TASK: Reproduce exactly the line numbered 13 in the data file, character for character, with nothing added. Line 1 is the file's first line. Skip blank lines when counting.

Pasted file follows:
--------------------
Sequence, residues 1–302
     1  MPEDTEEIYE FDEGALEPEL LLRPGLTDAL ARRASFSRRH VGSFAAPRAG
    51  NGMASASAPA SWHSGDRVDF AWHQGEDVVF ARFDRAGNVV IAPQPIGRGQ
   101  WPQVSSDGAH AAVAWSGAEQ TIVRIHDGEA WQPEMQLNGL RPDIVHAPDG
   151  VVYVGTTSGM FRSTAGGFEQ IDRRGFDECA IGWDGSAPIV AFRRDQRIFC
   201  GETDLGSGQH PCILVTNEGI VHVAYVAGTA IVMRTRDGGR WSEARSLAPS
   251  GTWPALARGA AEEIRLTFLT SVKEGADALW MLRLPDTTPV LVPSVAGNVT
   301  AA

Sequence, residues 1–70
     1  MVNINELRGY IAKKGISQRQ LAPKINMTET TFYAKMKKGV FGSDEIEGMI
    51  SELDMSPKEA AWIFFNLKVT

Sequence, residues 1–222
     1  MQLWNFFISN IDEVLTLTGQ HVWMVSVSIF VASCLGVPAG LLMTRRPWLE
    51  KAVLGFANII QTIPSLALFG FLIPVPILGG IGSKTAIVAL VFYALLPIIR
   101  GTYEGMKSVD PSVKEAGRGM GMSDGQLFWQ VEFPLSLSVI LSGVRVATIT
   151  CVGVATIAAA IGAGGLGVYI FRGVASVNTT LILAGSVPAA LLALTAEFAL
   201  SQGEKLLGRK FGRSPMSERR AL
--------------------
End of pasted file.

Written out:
     1  MQLWNFFISN IDEVLTLTGQ HVWMVSVSIF VASCLGVPAG LLMTRRPWLE